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Is Communication a Neglected Skill for Accountants?

I’m sure there are a hundred reasons why communication skills are neglected in the Accounting industry but four stick out to me....


Too much screen time

Many accountants are simply not communicating effectively with clients because they're communicating in the wrong way; via computer as opposed to face to face.

In the last 20 years, the use of computers has exploded.  We're developing addictions to cell phones and social media (click to read the alarming implications for mental health) and spending less time face to face or on the phone with clients. 

The main distraction in an open plan work environment is no longer people talking on the phone (we wear headphones now), but the sounds of furious keyboard activity.  Consider how often you choose to email someone instead of picking up the phone or popping in for a quick visit.

The impact of too much screen time for today’s accountant is three-fold; less understanding of the client's situation (email is one dimensional and doesn’t have context), less engagement with clients and, ultimately, less trust.

 

Speaking a language that clients don’t understand

Too much emphasis is placed on tax and accounting industry-specific training, with limited options to develop communication and soft skills.  However, clients don't understand Accountanese.  They don’t understand the P & L or the Balance Sheet.  It's our job is to interpret and translate these reports into meaningful information they can understand.  We owe it to them to speak their language.

To put this in context, how would you feel if your car mechanic said any of these terms to you?

‘Your big end has gone’ - a large bearing in the engine wearing out and producing a loud knocking noise when you accelerate.

‘The bushes were on the way out’ - nothing to do with woods and trees(!), but rubber parts attached to suspension that perish and need replacing occasionally.

‘There’s signs of mayonnaise under the old cap’ - a thick residue that collects under the oil cap often when there’s a problem with the head gasket.

Again, the impacts of speaking in jargon are less client engagement and damage to trust.  If we flip this on its head and continue with the mechanic analogy, according to MotorEasy in the UK, 47% of motorists feel they’ve overpaid a mechanic's bill because they didn’t know what they were charging them for.

Are your clients thinking the same if you don’t speak in language they understand?

 

Focusing discussion on outputs, not outcomes

Many accountants know the services their clients would benefit from, but struggle to sell them.  The neglected communication skill being the ability to link the service to the benefits clients are seeking.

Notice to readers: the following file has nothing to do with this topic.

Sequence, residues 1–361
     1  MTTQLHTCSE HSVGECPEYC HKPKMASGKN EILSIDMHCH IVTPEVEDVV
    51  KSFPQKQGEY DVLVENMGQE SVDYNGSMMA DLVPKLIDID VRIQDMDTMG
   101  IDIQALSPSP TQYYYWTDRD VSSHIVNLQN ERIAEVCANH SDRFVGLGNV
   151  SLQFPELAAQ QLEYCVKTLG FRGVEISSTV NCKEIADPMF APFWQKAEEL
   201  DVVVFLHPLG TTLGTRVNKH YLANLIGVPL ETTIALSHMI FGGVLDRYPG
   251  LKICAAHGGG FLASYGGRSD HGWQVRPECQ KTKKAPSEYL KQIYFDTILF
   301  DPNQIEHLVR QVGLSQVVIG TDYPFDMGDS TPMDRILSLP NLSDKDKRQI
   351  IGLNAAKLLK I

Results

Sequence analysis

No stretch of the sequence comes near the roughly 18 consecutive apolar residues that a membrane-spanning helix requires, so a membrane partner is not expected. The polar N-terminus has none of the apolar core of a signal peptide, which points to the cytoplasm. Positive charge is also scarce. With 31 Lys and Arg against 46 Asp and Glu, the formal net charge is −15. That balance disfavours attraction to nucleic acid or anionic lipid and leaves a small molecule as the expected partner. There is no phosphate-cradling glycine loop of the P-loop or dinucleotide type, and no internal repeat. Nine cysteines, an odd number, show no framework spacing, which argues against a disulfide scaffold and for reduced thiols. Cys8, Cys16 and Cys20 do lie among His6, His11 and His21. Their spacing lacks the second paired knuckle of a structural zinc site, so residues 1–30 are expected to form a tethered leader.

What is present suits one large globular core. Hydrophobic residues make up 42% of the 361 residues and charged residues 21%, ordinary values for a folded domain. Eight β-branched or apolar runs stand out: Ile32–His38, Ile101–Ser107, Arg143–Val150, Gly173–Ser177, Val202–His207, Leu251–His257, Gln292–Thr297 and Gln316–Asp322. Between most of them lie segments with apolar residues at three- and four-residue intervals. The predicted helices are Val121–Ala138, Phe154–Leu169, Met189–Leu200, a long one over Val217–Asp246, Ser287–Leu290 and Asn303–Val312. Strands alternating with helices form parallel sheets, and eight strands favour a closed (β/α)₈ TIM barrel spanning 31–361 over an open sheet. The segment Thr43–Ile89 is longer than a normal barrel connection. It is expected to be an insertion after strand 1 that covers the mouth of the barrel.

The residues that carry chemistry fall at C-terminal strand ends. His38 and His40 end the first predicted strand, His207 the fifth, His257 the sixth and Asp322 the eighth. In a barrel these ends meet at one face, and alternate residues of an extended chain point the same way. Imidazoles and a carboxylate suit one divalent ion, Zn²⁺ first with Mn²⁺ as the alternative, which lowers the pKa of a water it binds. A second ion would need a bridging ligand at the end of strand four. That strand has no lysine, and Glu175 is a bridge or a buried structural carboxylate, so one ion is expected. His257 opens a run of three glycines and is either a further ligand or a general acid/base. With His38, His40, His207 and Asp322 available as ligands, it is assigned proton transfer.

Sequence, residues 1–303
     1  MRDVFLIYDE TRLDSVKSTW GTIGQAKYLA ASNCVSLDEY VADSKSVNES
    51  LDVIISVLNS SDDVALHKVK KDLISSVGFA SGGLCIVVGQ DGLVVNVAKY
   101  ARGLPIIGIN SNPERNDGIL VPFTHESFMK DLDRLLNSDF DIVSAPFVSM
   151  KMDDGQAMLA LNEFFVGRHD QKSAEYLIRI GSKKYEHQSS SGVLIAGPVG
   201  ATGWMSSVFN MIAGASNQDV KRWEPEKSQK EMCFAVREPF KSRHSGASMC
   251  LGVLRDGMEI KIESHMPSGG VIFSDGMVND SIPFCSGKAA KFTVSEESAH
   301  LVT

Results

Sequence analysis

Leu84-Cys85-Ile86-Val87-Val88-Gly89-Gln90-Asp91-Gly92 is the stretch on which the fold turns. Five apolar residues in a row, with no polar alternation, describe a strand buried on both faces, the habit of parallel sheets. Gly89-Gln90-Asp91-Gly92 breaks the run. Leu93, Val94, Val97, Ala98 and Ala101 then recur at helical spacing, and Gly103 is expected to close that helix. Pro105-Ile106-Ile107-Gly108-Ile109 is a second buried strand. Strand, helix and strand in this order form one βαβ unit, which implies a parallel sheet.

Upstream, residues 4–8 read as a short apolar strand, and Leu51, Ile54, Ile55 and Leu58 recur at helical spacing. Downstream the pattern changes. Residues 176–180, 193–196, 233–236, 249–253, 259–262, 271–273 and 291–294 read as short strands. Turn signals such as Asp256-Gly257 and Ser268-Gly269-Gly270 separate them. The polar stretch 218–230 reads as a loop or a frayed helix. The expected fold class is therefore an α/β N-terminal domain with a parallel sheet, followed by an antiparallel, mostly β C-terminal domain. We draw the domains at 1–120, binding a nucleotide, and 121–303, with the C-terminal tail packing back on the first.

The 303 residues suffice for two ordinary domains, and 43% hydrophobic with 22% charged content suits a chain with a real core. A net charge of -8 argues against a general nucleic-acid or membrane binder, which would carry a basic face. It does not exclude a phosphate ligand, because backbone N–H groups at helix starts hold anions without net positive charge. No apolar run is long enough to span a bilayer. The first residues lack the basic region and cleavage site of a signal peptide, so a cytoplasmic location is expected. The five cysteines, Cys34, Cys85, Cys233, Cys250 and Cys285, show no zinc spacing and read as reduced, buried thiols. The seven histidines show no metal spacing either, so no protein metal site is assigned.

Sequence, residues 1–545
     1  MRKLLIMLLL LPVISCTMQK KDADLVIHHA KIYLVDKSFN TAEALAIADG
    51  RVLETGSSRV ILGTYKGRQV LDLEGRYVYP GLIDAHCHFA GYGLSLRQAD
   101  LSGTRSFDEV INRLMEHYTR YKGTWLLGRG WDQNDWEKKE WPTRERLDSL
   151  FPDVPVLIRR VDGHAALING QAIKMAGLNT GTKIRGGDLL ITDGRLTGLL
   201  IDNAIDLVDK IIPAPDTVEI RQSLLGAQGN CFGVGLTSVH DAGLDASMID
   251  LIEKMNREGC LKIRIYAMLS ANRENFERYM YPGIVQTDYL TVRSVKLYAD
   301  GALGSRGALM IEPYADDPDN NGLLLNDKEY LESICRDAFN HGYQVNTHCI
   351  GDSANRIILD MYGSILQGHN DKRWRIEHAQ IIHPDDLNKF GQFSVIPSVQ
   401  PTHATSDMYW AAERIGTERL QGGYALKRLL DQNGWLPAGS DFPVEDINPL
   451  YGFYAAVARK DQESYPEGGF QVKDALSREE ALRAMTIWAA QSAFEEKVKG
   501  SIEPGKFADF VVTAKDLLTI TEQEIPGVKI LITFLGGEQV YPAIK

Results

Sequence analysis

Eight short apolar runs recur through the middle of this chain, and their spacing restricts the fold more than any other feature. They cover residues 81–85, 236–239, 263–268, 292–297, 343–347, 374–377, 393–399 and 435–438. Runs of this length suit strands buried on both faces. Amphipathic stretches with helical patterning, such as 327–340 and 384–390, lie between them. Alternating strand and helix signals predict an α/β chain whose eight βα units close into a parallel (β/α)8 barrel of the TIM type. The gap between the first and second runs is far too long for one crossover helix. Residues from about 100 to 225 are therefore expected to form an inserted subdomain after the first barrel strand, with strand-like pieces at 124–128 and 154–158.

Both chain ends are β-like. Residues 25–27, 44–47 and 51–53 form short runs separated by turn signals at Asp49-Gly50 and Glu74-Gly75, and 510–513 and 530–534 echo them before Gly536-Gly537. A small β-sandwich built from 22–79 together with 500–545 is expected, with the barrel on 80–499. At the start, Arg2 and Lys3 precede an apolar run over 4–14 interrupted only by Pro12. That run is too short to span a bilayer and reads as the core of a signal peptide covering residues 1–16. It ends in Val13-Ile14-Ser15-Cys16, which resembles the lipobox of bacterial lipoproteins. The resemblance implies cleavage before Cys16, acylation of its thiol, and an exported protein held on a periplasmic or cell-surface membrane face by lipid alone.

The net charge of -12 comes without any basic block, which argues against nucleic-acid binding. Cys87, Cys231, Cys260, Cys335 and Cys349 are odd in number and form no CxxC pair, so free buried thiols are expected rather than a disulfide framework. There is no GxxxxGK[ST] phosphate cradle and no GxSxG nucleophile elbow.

Too often accountants describe (or try to sell) the outputs they’re producing for clients. Things like financial statements, tax returns, Business Plans or, worse still, jargon like due diligence.  Your clients want to know the outcomes they will get from those services.  They'll be even more engaged if you link the outcome to their overarching objective or goal.  

For example, we know clients are looking for one or more of The Three Freedoms.  Let’s call those the client objectives.  So, if the objective is financial freedom, the outcomes you need to deliver your client might be growing sales, lifting margins or reducing debtor days.  Once you've established the desired outcomes (and have quantified the value for them) you can then talk about the service that will deliver those outcomes.

Focusing on outcomes ensures we describe the value to be gained from the service (‘the what’).  The ‘how to’ is the service that you’ll deliver. 

Three Freedoms Blog Table

 

Fear of public speaking

Many accountants let their fear of public speaking restrict their ability to educate their clients.  Clients are missing out on the gold that accountants can deliver one-to-many via client seminars or events.  In his book, ‘How to win friends and influence people’, Dale Carnegie describes the ‘shortcut to distinction’ being the ability to speak in public.  He wrote this in 1936 and it’s just as relevant today.

Holding regular small-scale events provides a great opportunity to help your clients to run a better business.  It's also a great opportunity to improve your communication skills.

The only way to overcome this fear is to start.  Use systemised content, practise in front of your cat/dog and then in front of your team.  Run your first seminar with several of your favourite clients.  Then, schedule four or five more session times on the same topic to build your confidence.

 

Your duty of care to communicate better with your clients

There are many other reasons why communication skills are being neglected.  Let’s not provide more reasons (excuses) or get into a blame game.  Today’s accountants must get above the line, take ownership of the need, and take responsibility for better communication.  You have a duty of care to help your clients run a better business and the way to remain relevant is to improve your communication.

 

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If you want to find out how The Gap delivers on our brand promises of soft skills for life, enduring Business Development revenue and practical and proven strategies, check out our website.

About the author

Mark Jenkins, CA

Communication Three Freedoms Leadership Mark Jenkins Young Guns OARBED Professional Development